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Video: Thousands support bullying victim

By
TODAY contributor
updated 6/6/2007 1:01:29 PM ET 2007-06-06T17:01:29

People around the world are pouring their hearts out and offering words of encouragement and sympathy to a Northern California teenager who was taunted and teased so mercilessly that she stayed up nights thinking of ways she could kill herself.

Thousands of letters have arrived already since word spread in the media and in cyberspace about the plight of 14-year-old Olivia Gardner.

“I am feeling so wonderful that there is so much support, a smiling Olivia told the TODAY’s Ann Curry during a live interview Wednesday. “There are like 100 good people for every bad person there is in the world.”

Olivia hasn’t been smiling much these past two years. It all began when she was 12 and suffered an epileptic seizure in class. Other children began calling Olivia names and made threats. Sometimes, they would beat her up, forcing Olivia to hide in bathroom stalls between classes. One bully dragged her new backpack through the mud.

Kathleen Gardner said she felt helpless to be of any comfort to Olivia, who become withdrawn and had anxiety attacks that required her to be home schooled. Gardner went to the authorities, school officials and parents of the children taunting her daughter.  She got nowhere.

“A lot of parents told me they didn’t have time for it. They didn’t care, it was just typical middle school behavior,” Gardner recalled, tears welling up in her eyes as she spoke. “But when you watch your child just disappear, losing interest in all their activities, and then find out she had a plan for suicide, it’s heartbreaking.”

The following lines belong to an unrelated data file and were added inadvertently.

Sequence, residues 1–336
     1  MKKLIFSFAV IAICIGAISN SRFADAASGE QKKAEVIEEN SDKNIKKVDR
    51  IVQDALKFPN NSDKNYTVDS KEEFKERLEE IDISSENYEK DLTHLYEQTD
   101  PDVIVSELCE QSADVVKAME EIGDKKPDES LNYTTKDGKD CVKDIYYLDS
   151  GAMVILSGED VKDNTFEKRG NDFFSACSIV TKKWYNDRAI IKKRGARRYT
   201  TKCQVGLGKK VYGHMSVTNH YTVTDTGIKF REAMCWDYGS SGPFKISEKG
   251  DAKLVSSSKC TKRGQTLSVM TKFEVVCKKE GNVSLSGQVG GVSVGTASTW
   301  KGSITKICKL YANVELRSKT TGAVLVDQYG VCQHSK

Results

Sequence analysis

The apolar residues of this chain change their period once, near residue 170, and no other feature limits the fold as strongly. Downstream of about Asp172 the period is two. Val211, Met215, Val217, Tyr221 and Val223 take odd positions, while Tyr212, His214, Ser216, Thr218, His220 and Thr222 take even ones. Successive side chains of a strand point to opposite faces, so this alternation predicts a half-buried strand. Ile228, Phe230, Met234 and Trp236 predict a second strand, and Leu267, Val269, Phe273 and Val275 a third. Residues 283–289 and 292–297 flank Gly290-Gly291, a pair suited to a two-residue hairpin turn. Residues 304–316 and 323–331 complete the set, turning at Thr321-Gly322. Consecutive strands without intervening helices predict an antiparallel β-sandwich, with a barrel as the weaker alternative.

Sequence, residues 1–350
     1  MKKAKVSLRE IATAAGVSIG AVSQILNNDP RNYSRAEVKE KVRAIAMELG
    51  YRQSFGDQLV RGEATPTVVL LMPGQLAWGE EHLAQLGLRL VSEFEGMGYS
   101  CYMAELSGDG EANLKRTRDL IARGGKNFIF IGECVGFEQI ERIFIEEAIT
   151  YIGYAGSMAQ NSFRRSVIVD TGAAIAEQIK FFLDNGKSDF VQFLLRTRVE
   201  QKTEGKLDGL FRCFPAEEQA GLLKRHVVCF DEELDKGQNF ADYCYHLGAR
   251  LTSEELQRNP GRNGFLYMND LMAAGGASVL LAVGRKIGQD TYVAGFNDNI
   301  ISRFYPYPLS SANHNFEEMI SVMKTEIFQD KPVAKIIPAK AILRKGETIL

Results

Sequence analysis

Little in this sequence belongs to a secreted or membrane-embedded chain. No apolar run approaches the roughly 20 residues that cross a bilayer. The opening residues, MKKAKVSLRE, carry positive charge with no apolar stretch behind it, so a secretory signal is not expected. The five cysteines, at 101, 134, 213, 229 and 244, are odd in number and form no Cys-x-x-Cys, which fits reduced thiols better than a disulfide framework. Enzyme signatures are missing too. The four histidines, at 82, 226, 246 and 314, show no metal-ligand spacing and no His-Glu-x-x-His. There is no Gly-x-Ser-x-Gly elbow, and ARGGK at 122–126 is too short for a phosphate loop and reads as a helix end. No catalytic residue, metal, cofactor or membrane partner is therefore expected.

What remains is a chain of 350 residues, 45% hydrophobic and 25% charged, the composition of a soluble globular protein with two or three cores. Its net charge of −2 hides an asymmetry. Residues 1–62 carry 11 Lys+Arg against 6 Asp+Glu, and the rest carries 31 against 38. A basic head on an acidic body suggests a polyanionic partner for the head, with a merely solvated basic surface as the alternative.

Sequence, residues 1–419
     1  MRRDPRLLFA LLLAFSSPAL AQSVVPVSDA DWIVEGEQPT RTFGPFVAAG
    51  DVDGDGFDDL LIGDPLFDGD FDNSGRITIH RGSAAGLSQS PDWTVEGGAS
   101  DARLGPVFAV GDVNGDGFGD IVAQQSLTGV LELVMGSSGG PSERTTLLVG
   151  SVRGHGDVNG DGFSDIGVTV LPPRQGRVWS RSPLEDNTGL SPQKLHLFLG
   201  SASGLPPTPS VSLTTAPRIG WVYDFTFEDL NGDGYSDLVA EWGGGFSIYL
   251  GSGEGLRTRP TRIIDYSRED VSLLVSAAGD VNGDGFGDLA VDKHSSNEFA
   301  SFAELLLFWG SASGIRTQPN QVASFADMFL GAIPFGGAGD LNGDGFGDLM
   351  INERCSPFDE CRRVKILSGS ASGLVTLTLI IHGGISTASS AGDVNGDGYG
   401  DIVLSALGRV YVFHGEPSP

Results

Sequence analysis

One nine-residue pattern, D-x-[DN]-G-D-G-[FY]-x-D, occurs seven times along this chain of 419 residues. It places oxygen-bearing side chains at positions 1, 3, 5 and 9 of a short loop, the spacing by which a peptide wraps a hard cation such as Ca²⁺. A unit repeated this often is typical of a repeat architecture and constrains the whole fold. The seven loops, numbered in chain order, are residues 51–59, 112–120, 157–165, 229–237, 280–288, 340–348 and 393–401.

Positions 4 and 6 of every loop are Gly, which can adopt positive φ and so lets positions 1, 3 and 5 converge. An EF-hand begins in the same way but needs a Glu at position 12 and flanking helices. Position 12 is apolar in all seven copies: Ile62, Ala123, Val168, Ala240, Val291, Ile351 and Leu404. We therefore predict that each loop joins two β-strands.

Olivia, like many children who are bullied, tried to hide her fear from her family. Fearing there was nowhere to turn, she even considered taking her own life. “I was almost there every night. I’d have suicidal thoughts. It was terrible,” Olivia said. “I was thinking of ways to do it. It was just the worst thing ever.”

Finally some help
When Gardner turned to the media for help publicize what she learned was apparently a widespread problem among teens, two sisters from a nearby school district decided they wanted to help Olivia.

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Early this spring, Emily Buder, 17, and Sarah, 14, organized “Olivia’s Letters,” an effort that encourages teens and others to write supportive letters to Olivia. In addition to writing their own letters of encouragement, they solicit and screen letters from others. The story caught fire and now Olivia is getting thousands of letters from people all over the world.

Rosalind Wiseman, an author and expert on issues affecting adolescents, said parents need to be aware that bullying does go on and that their children will not always turn to them for help.

She said parents should watch for warning signs: isolation, change of appetite, avoiding social situations, losing friends and finding excuses to avoid going to school.

But even if parents do not see warning signs, it is a good idea for parents to talk to their children about how other people treat them and let them know that no one has the right to make them feel uncomfortable or threatened.

“Go talk to your kids and say, ‘I don’t know if this is happening to you, or if this is every going to happen to you, but if anyone every makes you feel like dirt, you don’t have to deal with that,’” Wiseman advised.

To show support to Olivia, write to Olivia’s Letters, c/o Janet Buder, 293 Corte Madera Ave., Mill Valley , Calif. 94941.

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